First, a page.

The Mysterious ‘High’ of Catnip. Why Does It Send Cats Crazy?

Catnip is a plant in the mint family known for its alluring effects on cats. The scientific name for catnip is Nepeta cataria. Catnip contains a chemical called nepetalactone that triggers a response in approximately two-thirds of domestic cats when they smell or ingest it. This substance mimics natural chemicals in a cat’s brain called pheromones, which cause cats to act euphoric when exposed to catnip. Catnip has a minty aroma that draws cats in, even though humans don’t smell the same enticing scent that cats do. In this article, we’ll explore what catnip is, why and how it affects cats, its level of safety for cats and humans, and other uses for this intriguing herb.

Active Ingredient

The main active ingredient in catnip that causes a reaction in cats is called nepetalactone. This is an organic compound that is found in the essential oil of catnip plants. When cats inhale nepetalactone or it is absorbed through their skin, it binds to receptors in their nose and acts as a stimulant.

Specifically, nepetalactone binds to olfactory receptors in a cat’s nose and has an effect on the central nervous system. This causes the stereotypical response seen in cats exposed to catnip, including sniffing, licking, chewing, head shaking, rolling, and rubbing. The exact reason why nepetalactone triggers this reaction is still not fully understood.

cat rolling in catnip

Nepetalactone is found in highest concentrations in the leaves and stems of catnip plants. Dried catnip contains about 0.3-0.7% essential oil, of which 30-70% is composed of nepetalactone. This makes catnip more potent when it is dried compared to fresh.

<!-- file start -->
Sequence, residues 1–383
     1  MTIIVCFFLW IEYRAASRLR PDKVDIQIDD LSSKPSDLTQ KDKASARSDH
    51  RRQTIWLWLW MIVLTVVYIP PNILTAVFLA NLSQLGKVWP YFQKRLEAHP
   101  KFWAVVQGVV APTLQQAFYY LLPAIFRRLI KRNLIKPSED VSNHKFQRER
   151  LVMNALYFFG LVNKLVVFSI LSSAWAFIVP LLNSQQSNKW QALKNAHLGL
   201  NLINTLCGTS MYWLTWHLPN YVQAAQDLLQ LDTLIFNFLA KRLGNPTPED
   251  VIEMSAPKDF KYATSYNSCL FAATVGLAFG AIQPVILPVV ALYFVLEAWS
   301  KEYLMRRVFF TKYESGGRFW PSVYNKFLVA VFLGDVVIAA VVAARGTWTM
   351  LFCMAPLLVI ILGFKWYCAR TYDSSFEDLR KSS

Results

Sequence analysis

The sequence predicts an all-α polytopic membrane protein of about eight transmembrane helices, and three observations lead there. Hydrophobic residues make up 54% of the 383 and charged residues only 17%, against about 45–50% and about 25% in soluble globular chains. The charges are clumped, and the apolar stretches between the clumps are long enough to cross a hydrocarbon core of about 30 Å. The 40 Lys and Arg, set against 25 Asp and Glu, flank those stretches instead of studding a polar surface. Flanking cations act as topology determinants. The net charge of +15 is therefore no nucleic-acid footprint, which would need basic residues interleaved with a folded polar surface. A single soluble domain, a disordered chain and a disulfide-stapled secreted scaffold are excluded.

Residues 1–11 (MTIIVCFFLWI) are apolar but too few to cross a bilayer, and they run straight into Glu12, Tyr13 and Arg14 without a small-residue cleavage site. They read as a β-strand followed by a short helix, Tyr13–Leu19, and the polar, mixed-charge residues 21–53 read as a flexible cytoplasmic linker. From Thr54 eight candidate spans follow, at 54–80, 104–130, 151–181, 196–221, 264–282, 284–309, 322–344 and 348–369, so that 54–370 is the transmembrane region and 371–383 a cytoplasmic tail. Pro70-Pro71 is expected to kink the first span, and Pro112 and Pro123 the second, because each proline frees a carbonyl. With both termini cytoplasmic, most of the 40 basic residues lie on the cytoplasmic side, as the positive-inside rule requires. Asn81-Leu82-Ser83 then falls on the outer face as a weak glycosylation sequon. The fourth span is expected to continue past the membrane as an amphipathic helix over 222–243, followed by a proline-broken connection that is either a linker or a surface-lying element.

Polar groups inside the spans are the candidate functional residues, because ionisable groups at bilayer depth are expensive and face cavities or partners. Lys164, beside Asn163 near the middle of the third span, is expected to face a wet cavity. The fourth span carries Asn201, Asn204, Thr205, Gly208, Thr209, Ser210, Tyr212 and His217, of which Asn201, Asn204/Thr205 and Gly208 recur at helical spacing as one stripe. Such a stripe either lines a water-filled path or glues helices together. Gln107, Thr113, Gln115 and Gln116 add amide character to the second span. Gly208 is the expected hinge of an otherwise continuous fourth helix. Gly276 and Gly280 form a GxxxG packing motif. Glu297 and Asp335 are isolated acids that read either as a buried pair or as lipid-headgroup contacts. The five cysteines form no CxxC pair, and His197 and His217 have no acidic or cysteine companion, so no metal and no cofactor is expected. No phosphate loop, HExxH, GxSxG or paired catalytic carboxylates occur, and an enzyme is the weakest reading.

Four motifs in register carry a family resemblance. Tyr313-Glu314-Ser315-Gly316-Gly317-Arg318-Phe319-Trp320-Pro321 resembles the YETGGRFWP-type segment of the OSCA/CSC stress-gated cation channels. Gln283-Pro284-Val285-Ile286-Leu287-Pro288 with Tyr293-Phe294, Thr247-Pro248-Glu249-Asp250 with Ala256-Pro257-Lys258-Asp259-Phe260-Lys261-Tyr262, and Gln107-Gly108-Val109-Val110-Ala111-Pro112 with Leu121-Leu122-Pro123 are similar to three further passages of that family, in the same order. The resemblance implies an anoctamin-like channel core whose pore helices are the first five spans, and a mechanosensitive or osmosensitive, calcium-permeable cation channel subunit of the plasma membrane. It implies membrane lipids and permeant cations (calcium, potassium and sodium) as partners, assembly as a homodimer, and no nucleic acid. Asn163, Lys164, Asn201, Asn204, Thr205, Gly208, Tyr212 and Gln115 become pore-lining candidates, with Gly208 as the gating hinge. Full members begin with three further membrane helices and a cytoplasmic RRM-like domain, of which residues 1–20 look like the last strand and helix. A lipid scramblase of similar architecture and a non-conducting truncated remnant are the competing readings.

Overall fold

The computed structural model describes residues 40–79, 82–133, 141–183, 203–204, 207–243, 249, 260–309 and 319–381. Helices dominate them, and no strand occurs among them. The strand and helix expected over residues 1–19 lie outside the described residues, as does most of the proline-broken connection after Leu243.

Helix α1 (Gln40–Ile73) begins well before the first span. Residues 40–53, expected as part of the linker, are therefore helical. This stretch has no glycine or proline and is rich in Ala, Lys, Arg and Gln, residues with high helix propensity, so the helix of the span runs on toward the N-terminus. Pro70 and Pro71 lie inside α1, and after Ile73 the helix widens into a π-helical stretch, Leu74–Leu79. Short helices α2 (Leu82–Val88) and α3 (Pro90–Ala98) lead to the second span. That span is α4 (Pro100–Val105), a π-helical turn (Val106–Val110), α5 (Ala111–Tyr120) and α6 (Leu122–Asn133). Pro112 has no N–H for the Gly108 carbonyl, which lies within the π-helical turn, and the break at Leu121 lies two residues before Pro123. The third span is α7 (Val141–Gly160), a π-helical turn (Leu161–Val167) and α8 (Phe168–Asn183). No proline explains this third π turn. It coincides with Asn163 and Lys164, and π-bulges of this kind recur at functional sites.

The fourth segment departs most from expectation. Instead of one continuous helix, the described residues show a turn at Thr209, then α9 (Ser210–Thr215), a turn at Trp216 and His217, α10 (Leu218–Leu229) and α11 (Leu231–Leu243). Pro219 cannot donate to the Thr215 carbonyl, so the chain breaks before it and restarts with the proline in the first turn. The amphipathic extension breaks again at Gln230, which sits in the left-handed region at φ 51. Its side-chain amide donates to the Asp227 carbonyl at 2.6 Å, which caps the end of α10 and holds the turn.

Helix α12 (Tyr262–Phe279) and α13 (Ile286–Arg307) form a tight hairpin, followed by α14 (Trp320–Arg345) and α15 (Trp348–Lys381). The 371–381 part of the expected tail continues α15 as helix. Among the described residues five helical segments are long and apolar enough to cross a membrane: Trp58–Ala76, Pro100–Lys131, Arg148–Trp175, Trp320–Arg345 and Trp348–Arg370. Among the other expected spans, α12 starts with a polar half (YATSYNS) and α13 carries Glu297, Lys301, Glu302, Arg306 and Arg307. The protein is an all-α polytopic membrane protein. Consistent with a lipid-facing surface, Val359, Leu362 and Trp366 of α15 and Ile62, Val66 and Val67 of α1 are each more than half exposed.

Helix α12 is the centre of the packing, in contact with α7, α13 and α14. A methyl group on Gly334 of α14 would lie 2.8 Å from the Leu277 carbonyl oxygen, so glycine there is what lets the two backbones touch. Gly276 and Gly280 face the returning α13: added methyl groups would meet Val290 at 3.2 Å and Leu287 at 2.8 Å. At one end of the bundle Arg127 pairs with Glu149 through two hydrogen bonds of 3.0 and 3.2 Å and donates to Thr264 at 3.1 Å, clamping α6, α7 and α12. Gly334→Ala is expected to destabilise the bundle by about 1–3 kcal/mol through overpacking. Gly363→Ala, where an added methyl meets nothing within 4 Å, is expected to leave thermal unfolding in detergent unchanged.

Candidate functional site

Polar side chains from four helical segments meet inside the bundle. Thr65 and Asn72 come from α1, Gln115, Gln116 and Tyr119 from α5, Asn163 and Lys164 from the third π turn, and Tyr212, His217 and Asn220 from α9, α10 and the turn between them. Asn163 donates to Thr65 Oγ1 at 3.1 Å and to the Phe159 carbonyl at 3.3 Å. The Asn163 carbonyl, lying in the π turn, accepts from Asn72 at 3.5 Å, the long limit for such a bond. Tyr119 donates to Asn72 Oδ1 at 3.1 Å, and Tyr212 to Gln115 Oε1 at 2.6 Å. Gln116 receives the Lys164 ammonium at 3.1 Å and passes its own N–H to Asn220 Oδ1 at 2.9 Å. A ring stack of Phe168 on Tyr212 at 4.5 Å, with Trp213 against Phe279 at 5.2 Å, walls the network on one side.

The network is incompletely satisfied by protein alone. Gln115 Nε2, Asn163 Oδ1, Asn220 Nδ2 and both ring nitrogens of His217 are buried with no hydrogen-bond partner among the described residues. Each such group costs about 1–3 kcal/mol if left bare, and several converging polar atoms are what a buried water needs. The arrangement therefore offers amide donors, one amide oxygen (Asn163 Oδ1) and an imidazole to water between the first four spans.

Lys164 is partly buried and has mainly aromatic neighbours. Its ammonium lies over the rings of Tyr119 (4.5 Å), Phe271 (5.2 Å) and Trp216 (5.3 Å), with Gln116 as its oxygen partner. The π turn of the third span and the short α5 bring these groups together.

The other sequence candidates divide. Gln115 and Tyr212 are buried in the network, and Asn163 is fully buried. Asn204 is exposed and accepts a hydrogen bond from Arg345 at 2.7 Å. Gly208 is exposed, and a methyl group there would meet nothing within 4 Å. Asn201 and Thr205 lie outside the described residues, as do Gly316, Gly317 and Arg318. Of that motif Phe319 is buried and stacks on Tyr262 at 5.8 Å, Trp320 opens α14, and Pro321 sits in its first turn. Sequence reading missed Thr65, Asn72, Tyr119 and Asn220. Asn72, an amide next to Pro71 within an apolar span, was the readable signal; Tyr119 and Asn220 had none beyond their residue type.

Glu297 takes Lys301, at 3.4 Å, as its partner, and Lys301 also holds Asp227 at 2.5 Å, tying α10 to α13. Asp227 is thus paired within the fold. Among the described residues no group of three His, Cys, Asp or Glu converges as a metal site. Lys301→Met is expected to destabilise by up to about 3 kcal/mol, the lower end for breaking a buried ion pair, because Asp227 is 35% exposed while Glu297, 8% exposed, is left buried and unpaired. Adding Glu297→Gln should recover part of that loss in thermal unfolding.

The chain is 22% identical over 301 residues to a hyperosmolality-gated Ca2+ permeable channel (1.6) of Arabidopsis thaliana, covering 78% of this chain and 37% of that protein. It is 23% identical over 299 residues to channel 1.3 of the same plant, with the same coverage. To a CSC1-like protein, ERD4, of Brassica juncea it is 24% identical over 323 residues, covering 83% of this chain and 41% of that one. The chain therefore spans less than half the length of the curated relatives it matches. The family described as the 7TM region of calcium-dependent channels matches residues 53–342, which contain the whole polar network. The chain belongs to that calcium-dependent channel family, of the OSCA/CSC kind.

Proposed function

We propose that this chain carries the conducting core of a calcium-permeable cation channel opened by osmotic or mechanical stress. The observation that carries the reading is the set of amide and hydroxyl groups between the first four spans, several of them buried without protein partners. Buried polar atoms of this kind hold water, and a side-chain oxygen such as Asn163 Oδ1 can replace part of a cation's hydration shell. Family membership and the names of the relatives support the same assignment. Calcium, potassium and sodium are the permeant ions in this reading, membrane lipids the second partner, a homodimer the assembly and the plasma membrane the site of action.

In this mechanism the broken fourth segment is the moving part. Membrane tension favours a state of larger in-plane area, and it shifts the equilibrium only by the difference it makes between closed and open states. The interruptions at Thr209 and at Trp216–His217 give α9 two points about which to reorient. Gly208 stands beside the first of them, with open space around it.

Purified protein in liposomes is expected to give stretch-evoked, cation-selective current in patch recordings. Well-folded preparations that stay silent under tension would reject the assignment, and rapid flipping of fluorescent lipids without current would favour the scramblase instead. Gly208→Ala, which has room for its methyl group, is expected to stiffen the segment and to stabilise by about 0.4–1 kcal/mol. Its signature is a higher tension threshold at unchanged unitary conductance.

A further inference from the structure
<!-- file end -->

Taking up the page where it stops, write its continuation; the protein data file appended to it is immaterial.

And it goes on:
While nepetalactone is the main active compound, researchers have identified other chemicals like nepetalic acid and actinidine that may also contribute to catnip’s effects. But most experts agree that nepetalactone is the primary agent responsible for the hallmark catnip response.

Effects on Cats

The primary active ingredient in catnip that affects cats is called nepetalactone. When cats smell or ingest catnip, the nepetalactone binds to receptors in their brain, causing euphoric effects similar to those produced by some recreational drugs in humans [1]. Many cats experience a temporary sense of blissful euphoria, relaxation, and disinhibition from catnip.

Common behaviors cats display when under the influence of catnip include rolling on the floor, rubbing against things, hyperactivity, vocalizing, drooling, and aggression. The euphoric state makes cats less inhibited and they often engage in silly, goofy, or crazy antics like jumping, pouncing, and tearing around the house at high speeds [2]. It essentially produces a temporary natural “high” for cats that alter their moods and behaviors.

Duration of Effects

A cat’s response to catnip generally sets in very quickly after exposure and lasts for 5-15 minutes. According to the She Knows article on catnip, the effects can last anywhere from 10 minutes to an hour depending on the individual cat. Picture This notes that the effects typically last 10-15 minutes.

Even after the initial response wears off, cats may continue to show residual effects. They may remain in an excited or contented state for up to an hour or more after being exposed to catnip. The active compounds in catnip need to clear the cat’s system before they will have the same sensitivity to another exposure.

Repeated Use

cat playing with catnip toy

Cats can enjoy catnip multiple times per day, but its effects will be diminished with frequent use. Catnip contains nepetalactone, which binds to receptors in a cat’s nose. This causes the euphoric high that cats experience. However, the receptors eventually become saturated and cannot respond as strongly. As a result, cats need to wait about 2 hours between catnip sessions for the full effects.